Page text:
Unfinished Lives

Remembering LGBT Hate Crime Victims

Gay Martyr for Justice Harvey Milk Celebrated Throughout America

San Francisco, California – Harvey Milk Day, May 22, celebrates the life and legacy of love of Harvey Bernard Milk, born May 22, 1930, and gunned down in his San Francisco City Hall office on November 27, 1978.  He was the first openly gay person elected to a major political office in the United States when he won a seat on the San Francisco Board of Supervisors.  His close associate,  gay activist Cleve Jones, says of his friend Harvey, “He fought for gay people, against war and for workers and the poor. He stood with women, immigrants, seniors and youth. He forged coalitions that built power for ordinary men and women and moved us all forward with his humor, compassion and great love for his people.” 

In today’s San Francisco Chronicle, Anne Kronenberg, another intimate friend of Harvey’s who managed his successful election campaign to the Board of Supervisors, reflects on Harvey’s legacy of human rights progress in the 33 years since he was assassinated.  She writes, “In 1977” (the year of Harvey’s election), “we were taking baby steps in our fight for equal rights. In 2012, we have come a long way as the dialogue on equality is a top-of-mind issue and specific actions are reaching that goal. Harvey Milk’s life and death changed the course of history,” Kronenberg went on to say. “Milk’s legacy, to give people hope for a better tomorrow, is very much alive in the hearts of anyone working to achieve change. Thank you, Harvey!”

In 2010, the State of California officially set aside May 22, the anniversary of Harvey’s birth, to be an annual celebration of his memory, the story of the struggle for LGBTQ rights, and of the continuing effort to make this a better world.  His work in education (successfully opposing the infamous Briggs Initiative, also known in California as Prop 6), and in youth empowerment is now being championed by the Harvey B. Milk Foundation, founded by Harvey’s nephew Stuart Milk and his friend Anne Kronenberg.  To learn more about Harvey’s life, times, assassination and witness for justice, see the Academy Award winning films The Times of Harvey Milk (1984) and Milk (2009). In book form, the definitive work is still Randy Shilts’s The Mayor of Castro Street: The Life and Times of Harvey Milk (St. Martins Griffin, 2008).

The Unfinished Lives Project Team joins grateful Americans from every walk of life in the celebration of Harvey Milk, hate crimes murder victim, gay rights pioneer, and friend of all marginalized people.  Though he died, yet he lives in our hearts and minds, and in the living shrine of liberty made up of the lived experiences of increasing millions of out and proud LGBTQ people.  Happy Birthday, Harvey!

May 22, 2012 Posted by | anti-LGBT hate crime murder, bi-phobia, Bisexual persons, California, gay men, GLBTQ, gun violence, Harvey B. Milk Foundation, Harvey Milk Day, Hate Crimes, hate crimes prevention, Heterosexism and homophobia, Lesbian women, LGBTQ, Remembrances, Social Justice Advocacy, transgender persons, transphobia | , , , , , , , , , , , , , , | Comments Off on Gay Martyr for Justice Harvey Milk Celebrated Throughout America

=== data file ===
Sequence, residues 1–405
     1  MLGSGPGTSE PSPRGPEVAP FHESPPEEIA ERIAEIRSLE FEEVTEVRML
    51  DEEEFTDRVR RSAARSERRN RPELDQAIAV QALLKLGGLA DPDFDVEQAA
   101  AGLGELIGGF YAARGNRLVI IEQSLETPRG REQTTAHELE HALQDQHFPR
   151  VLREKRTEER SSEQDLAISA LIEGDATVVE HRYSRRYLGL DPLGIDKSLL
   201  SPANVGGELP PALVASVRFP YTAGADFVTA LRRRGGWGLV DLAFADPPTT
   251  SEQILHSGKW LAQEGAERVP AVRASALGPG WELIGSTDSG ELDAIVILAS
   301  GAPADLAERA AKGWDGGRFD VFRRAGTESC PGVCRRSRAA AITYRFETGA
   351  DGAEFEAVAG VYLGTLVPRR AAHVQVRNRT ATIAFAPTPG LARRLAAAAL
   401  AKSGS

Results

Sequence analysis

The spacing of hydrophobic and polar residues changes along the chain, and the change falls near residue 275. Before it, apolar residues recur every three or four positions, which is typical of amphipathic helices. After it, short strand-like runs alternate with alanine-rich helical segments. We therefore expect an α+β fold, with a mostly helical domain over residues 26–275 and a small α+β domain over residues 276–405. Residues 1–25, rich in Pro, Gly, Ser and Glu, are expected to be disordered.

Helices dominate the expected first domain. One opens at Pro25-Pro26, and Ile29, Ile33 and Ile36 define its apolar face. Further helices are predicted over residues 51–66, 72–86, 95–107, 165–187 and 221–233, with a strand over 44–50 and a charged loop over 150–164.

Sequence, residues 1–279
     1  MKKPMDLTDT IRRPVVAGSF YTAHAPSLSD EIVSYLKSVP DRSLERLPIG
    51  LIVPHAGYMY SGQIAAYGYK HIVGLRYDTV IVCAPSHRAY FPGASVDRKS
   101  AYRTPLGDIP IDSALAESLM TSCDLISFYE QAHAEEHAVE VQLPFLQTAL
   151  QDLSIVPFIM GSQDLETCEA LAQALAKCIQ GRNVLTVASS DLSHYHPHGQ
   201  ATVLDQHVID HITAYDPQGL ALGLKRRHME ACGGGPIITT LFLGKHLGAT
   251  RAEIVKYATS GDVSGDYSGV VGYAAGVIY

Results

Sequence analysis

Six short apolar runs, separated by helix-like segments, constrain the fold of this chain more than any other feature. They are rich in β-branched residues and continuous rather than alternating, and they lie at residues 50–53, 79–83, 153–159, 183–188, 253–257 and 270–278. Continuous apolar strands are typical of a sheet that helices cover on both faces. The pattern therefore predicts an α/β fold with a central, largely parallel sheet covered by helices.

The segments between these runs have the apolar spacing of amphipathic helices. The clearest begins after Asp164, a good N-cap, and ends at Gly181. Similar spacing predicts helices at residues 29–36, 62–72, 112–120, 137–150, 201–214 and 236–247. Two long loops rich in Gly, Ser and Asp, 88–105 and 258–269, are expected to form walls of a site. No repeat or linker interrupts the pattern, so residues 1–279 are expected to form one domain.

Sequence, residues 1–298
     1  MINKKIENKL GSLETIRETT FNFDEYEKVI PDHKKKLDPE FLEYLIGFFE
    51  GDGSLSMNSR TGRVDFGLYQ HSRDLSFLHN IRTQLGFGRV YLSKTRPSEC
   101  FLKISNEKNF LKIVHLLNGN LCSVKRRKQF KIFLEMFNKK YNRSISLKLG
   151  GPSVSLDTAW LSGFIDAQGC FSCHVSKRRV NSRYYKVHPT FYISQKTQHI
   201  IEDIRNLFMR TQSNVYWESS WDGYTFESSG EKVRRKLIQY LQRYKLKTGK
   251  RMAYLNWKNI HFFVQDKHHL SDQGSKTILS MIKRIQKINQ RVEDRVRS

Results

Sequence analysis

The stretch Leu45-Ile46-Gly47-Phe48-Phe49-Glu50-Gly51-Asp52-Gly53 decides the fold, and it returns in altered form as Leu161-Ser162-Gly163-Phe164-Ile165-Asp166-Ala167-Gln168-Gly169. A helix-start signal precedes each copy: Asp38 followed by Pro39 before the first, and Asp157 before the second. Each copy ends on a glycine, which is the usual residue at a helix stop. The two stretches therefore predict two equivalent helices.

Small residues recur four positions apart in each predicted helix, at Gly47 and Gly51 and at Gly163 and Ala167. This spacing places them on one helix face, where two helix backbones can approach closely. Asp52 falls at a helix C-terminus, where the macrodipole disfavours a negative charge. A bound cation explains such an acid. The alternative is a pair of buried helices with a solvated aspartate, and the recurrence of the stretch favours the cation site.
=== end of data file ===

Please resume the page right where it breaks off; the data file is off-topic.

Anti-Transgender Violence Hot Topic for LGBT Community

Trans peopleNew York City – The Associate Press reports that a major anti-transgender violence forum slated for October 7 will address the rising incidence of attacks against transgender New Yorkers.  Brooklyn Law School is hosting the forum,which will be attended by the family of Lateisha Green, transwoman of color, who was murdered in Syracuse last year.  Her convicted killer, Dwight DeLee, was convicted of manslaughter in her shooting death three months ago.  The conviction was the first under New York State’s hate crimes law, sending a message to perpetrators of violence against transgender people that transphobic attacks will no longer be tolerated in the Empire State.  The Transgender Legal Defense and Education Fund, organizers of the Brooklyn forum, point out that transgender people face increasing degrees of “pervasive discrimination, harassment and violence.”  Statistics gathered by transgender advocacy groups note that 12% of all violent attacks against LGBT people in 2008 were perpetrated against transgender people.  As Joseph Erbentraut, Great Lakes Regional Editor for EDGE reported earlier this week, Lesbians, Gay Men, and Bisexuals are complicit in these crimes of violence because of prejudices they hold against gender non-conforming people.  Activists agree that lesbians, gay men, and bisexuals are hardly immune from the prejudice vented against transpeople by the society.  Each group too easily absolutizes the gender presentation they are familiar and comfortable with.  Jokes and slurs aimed by LGB people against transgender people, calling them “trannies” or “drag queens” differ little from the epithets cast at them by straight haters.  While actual instances of anti-trans violence by LGB people are rare, the bias is symptomatic of a tragic lack of awareness that all prejudice against members of the sexual minority is interconnected.  The Lateisha Green case, however, is a source of hope in New York.  While the conviction of DeLee was based on anti-gay epithets he used while murdering Green rather than transphobic ones, the severity of the first-degree manslaughter sentence woke the Empire State legal community up, and began a movement to add transphobic language to the hate crimes penal code as well as homophobic speech.  The precedent-setting case sends a message that attacks against transgender New Yorkers will no longer be tolerated.  Erbentraut reports that all sources he contacted agreed that the most effective way to blunt anti-transgender violence would be the swift passage of comprehensive hate crimes protections and employment security legislation at the federal level, such as the Matthew Shepard Act, now in the House-Senate conference process, and the recently introduced Employment Non-Discrimination Act.